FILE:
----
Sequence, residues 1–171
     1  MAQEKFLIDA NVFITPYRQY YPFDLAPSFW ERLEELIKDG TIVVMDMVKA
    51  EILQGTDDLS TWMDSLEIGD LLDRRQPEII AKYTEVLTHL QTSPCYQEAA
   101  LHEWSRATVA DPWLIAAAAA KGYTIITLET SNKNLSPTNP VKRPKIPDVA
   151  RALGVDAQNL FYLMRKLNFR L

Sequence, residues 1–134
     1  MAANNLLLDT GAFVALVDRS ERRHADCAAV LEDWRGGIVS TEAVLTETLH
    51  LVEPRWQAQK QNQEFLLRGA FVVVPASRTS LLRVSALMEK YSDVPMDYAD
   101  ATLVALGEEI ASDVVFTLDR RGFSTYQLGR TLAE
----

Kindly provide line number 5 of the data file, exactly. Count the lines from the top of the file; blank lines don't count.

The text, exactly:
   151  RALGVDAQNL FYLMRKLNFR L